from The American Heritage® Dictionary of the English Language, 4th Edition
- n. A small territorial division of a country, especially one of the states of Switzerland.
- n. A subdivision of an arrondissement in France.
- n. Heraldry A small, square division of a shield, usually in the upper right corner.
- n. A usually rectangular division of a flag, occupying the upper corner next to the staff.
from Wiktionary, Creative Commons Attribution/Share-Alike License
- n. A division of a political unit
- n. A subdivision of a flag, the rectangular inset on the upper hoist (i.e., flagpole) side (e.g., the stars of the US national flag are in a canton).
- v. To delineate as a separate district.
from the GNU version of the Collaborative International Dictionary of English
- n. A song or canto.
- n. A small portion; a division; a compartment.
- n. A small community or clan.
- n. A small territorial district; esp. one of the twenty-two independent states which form the Swiss federal republic; in France, a subdivision of an arrondissement. See Arrondissement.
- n. A division of a shield occupying one third part of the chief, usually on the dexter side, formed by a perpendicular line from the top of the shield, meeting a horizontal line from the side.
- intransitive v. To divide into small parts or districts; to mark off or separate, as a distinct portion or division.
- intransitive v. To allot separate quarters to, as to different parts or divisions of an army or body of troops.
from The Century Dictionary and Cyclopedia
- n. An angle or corner; also, an angular space or nook.
- n. A portion of space; a parcel of ground.
- n. A small district; a subdivision of a country.
- n. In France, the territorial division below an arrondissement and above a commune. See arrondissement.
- n. In heraldry, a part of the chief, cut off on either the left- or the right-hand upper corner.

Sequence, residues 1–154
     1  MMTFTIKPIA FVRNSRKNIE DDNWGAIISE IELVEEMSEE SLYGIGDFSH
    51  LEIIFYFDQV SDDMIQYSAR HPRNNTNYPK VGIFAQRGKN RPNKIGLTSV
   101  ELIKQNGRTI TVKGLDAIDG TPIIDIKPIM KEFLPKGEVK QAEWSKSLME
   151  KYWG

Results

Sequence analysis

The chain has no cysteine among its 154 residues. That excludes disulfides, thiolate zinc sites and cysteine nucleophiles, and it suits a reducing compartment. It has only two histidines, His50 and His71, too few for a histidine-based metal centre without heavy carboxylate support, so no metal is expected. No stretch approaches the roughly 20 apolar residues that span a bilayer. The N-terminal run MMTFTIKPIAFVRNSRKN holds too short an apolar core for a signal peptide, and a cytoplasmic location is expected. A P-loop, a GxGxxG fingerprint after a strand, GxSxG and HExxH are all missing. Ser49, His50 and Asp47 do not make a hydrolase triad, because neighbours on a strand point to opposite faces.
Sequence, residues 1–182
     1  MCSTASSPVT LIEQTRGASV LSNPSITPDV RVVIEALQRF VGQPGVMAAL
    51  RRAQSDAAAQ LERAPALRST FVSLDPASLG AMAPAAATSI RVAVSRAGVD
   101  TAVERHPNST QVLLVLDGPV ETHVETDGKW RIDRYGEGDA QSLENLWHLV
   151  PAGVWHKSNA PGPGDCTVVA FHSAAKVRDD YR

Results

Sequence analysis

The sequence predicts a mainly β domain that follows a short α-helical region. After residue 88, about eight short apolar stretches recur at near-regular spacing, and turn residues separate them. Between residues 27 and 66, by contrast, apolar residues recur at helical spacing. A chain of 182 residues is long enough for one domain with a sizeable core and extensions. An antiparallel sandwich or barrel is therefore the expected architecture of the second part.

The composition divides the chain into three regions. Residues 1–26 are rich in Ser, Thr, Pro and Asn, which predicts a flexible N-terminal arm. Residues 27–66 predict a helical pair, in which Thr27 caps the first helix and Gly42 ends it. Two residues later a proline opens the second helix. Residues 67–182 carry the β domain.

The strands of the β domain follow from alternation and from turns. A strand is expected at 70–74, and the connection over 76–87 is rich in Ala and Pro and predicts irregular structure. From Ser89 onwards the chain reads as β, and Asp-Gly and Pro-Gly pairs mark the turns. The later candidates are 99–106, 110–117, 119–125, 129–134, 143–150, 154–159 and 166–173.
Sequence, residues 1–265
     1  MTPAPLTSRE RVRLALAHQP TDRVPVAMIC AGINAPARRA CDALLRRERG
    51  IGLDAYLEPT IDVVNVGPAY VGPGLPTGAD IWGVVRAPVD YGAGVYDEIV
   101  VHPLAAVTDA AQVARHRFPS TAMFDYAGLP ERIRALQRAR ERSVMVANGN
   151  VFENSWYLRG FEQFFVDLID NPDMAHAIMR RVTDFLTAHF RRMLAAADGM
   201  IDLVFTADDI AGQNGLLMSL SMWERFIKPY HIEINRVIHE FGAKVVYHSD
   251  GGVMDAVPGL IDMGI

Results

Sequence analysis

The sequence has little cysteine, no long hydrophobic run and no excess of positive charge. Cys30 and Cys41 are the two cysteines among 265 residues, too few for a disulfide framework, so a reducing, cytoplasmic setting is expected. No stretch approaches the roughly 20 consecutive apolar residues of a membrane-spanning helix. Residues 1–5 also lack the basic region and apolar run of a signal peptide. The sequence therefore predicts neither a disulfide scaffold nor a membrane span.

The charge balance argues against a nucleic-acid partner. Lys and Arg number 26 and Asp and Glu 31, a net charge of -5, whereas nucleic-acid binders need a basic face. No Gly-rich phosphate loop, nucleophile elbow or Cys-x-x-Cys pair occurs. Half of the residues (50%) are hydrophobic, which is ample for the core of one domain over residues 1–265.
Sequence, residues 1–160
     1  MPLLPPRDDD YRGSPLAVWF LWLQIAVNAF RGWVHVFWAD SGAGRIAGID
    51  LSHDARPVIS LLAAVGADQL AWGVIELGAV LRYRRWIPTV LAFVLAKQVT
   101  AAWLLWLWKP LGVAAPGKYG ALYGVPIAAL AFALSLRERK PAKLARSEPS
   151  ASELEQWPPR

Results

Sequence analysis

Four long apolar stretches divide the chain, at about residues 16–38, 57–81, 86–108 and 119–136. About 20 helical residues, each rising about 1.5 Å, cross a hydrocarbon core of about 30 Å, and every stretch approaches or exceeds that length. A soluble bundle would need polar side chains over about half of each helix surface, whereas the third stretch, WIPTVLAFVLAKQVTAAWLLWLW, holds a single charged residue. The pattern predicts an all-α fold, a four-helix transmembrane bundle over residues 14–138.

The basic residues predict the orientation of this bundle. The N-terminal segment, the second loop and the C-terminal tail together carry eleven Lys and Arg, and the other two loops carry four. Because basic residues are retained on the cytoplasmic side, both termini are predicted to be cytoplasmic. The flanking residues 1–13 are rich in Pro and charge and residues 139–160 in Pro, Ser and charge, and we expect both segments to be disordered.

- n. A distinct part or division: as, the cantons of a painting or other representation, or of a flag.
- To divide into cantons or districts, as territory; divide into distinct portions; with out, to cut out and separate.
- To allot separate quarters to the different divisions or parts (usually regiments) of: as, to canton an army or a detachment.
- n. A variant of canto.
- n. In architecture, a thickened or emphasized corner of a building, as where two pilasters are set one on each side of the extreme angle. See cantoned (with cut).
- In heraldry, to furnish with a canton, or furnish a canton with: as, a cross argent cantoned with four scallop-shells.
- To quarter one's self in a temporary hut or cantonment.
from WordNet 3.0 Copyright 2006 by Princeton University. All rights reserved.
- v. divide into cantons, of a country
- v. provide housing for (military personnel)
- n. a small administrative division of a country
- n. a city on the Zhu Jiang delta in southern China; the capital of Guangdong province and a major deep-water port
Hospitals in canton Valais have also adopted measures to protect themselves against visitors from the United States, Canada and Britain.
The Federal Supreme Court of Switzerland upheld a fine equal to about $100 against a man who was doing just that in what is known as the canton, or state of Appenzell Ausserhoden
Two miles farther is the Ponte Alto, 2740 ft.; where the road crosses the Golo and enters the pastoral country of the Niolo; now called the canton of Calacuccia, comprehending the villages of
_Volost_; that is, a canton or parish, which was governed by a council composed of the elders of the communes, one of whom was recognized as the chief.
And in another canton was the following similar legend: ---
And in another canton was the following similar legend: --
The Northern Territory flag ushered in the flag design type of "Australia Pale" where the dominant image on the canton is the Southern Cross.
She lives in the La Poza canton, which is located in the Usulután department.
And in another canton was the following similar legend: —
"Mapping the canton was a challenging project as the aerial images analyzed were collected in August, leading to dark shadows in the urban areas which are difficult to handle," said Stéphane Couderq, Director of GeoDataNetwork.